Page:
In the spirit of the back-to-school season with its inevitable request to recount the summer’s activities, I thought I would update you on the NAHB’s most recent actions on behalf of housing and the home building industry.
But unlike a traditional end-of-summer essay, this report doesn’t recount days at the beach and visits to the relatives. It’s the story of an industry fighting for its life against formidable odds.
Just the short list of the challenges we face includes threats to the mortgage interest deduction and other housing-related tax measures, lack of AD&C financing, foreclosures, appraisals, threats to Fannie Mae and Freddie Mac, and proposed qualified residential mortgage standards. I want you to know, just for the record, that we are individually addressing every one of these issues and many more as we work to protect members’ interests and serve their needs.
We are also working very hard to elevate housing on the national agenda, and that’s the effort that I want to tell you about today.
Early this year, the NAHB Board of Directors determined that the only way to defend against the challenges we face is by elevating housing in the political dialogue and making it a key issue in the presidential elections.
As part of that broad effort, we commissioned a public opinion survey by noted pollsters Public Opinion Strategies of Alexandria, Va., and Lake Research Partners of Washington, D.C. It revealed a disturbing disconnect between what voters want regarding housing and the actions of policymakers in Washington. Voters value homeownership and believe strongly that government should support it. More than half of those surveyed said they would be less likely to support a candidate for Congress who wanted to eliminate the home mortgage interest deduction.
In recent months, we have been very busy taking that message to the media, to elected officials on Capitol Hill, to regulators, to the public, and to our members. We have left no stone unturned in demonstrating housing’s importance and are working to form coalitions with other groups that share our concerns and interests.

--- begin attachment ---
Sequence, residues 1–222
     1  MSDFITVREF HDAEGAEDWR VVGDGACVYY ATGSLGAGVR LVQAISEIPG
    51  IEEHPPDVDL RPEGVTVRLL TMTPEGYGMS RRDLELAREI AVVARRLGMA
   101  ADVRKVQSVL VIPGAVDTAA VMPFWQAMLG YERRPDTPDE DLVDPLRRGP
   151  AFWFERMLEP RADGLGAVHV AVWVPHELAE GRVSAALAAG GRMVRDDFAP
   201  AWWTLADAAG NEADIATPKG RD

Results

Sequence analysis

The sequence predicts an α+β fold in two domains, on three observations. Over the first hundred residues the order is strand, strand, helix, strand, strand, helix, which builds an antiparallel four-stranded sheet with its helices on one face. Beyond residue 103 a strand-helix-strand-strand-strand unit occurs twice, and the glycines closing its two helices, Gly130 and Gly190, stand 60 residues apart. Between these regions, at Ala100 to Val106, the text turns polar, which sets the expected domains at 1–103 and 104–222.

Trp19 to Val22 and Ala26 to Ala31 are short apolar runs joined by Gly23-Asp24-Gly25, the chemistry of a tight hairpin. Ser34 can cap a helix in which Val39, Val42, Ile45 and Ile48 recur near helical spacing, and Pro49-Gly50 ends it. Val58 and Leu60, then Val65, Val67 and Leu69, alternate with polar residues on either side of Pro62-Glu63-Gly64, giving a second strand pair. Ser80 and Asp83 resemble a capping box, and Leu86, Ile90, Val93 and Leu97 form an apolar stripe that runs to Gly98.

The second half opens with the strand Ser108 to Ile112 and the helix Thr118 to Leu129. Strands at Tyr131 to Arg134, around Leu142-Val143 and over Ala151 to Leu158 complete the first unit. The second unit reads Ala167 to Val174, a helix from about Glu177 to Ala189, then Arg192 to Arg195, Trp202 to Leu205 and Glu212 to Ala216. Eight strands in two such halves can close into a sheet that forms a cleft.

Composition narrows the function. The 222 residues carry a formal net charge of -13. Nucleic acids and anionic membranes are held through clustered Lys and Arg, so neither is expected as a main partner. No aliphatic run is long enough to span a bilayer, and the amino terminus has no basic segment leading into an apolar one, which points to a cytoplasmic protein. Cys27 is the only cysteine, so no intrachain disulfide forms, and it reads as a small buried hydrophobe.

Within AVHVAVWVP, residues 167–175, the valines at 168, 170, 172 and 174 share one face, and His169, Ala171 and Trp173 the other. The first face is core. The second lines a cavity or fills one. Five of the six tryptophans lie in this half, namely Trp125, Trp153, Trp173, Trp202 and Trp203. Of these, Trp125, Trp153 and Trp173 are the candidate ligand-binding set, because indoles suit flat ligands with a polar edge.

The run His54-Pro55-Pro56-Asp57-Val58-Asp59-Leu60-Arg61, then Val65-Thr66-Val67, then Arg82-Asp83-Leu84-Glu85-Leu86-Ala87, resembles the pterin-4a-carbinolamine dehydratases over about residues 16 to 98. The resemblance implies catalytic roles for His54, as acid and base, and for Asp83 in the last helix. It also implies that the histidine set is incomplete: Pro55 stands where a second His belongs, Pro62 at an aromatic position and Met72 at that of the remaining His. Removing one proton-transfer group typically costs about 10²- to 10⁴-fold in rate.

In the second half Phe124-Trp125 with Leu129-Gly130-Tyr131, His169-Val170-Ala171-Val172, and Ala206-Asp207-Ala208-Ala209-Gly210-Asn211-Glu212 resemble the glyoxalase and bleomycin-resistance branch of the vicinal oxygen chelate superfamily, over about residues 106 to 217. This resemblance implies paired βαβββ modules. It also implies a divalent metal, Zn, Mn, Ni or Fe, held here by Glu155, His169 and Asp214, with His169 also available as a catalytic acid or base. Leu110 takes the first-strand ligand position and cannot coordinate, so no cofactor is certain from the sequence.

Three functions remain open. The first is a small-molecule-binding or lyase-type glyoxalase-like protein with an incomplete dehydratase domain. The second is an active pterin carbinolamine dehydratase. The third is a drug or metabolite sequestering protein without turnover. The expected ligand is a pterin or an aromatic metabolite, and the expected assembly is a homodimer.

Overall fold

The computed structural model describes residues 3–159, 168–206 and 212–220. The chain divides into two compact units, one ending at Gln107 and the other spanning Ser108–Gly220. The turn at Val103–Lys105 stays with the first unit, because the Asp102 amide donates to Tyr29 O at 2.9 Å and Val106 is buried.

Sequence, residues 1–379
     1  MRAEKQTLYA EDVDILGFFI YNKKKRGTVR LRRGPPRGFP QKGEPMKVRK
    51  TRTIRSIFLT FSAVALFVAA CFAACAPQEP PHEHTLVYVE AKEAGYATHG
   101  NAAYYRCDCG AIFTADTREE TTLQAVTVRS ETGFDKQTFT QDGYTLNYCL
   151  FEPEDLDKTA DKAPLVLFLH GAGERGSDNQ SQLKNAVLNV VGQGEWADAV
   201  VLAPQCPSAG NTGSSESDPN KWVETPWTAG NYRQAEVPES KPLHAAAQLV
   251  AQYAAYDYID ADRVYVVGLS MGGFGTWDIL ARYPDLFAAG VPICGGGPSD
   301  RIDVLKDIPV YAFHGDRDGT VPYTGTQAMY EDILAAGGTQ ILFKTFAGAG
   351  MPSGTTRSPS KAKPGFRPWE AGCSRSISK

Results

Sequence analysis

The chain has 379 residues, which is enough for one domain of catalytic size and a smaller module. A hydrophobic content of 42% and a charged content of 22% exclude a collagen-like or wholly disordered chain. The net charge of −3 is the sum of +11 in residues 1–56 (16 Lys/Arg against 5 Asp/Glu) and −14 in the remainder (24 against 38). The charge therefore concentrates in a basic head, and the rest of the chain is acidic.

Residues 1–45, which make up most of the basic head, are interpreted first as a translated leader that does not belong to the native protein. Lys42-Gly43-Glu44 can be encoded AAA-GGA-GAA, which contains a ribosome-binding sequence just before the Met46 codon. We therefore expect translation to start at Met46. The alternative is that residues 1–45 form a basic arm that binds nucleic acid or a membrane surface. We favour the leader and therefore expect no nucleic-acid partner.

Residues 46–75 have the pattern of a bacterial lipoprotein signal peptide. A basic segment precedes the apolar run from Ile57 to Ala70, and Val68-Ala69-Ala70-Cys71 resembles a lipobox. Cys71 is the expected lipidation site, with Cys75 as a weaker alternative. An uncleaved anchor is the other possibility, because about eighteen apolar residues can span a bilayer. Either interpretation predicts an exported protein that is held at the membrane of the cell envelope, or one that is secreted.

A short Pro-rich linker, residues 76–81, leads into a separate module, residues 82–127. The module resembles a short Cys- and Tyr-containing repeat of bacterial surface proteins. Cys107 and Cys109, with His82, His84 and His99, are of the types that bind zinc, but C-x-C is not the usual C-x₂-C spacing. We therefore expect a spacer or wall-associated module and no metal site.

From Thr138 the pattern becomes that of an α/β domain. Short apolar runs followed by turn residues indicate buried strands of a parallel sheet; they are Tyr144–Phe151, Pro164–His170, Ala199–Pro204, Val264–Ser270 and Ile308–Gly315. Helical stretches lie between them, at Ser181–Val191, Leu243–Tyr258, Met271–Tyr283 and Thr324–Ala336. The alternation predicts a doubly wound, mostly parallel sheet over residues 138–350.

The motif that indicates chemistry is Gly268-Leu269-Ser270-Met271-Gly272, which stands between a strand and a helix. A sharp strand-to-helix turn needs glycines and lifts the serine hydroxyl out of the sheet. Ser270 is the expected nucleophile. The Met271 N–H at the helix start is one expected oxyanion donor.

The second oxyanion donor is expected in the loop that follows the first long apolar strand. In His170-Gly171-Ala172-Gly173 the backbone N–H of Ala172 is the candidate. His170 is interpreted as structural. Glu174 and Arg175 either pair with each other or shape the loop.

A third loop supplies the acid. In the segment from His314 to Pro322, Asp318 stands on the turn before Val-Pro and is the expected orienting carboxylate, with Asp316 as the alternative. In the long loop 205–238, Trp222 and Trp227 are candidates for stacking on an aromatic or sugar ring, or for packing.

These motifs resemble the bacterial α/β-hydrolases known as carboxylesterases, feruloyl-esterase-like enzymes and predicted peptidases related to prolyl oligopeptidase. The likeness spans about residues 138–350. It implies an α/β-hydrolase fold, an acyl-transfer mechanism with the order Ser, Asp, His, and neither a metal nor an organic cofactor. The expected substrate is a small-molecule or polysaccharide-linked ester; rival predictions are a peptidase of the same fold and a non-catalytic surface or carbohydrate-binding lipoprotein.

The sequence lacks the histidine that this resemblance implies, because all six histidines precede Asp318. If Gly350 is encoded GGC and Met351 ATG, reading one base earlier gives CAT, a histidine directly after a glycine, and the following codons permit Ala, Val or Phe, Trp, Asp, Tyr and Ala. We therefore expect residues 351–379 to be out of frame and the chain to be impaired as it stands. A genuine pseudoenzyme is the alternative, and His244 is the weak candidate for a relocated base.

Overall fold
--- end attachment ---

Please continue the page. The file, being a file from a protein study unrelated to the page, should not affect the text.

As you know, the NAHB is officially non-partisan. We do not endorse candidates for public office. We are, however, reaching out to all declared presidential candidates in an effort to discuss important housing issues and our members’ priorities and ensure that they understand the housing market’s role in creating jobs.
Likewise, we have taken our message beyond Capitol Hill to marshal support for housing. Our leadership and staff have met with and provided briefings for both the Democratic Governors Association and the Republican Governors Association and both parties’ Lieutenant Governors Associations. We have also met with and provided briefings for the National Governors Association and both parties’ Legislative Campaign Committees.
Our staff also briefed more than 100 housing officials from across the country at the National Association of Counties annual meeting in July.
Back in January, the NAHB Board of Directors told us to be aggressive in our efforts to elevate housing on the national agenda, and that’s exactly what we have been doing.
Of course, it’s early, and there’s a long road ahead of us. But I am very proud of our accomplishments to date, and I’m encouraged about the future.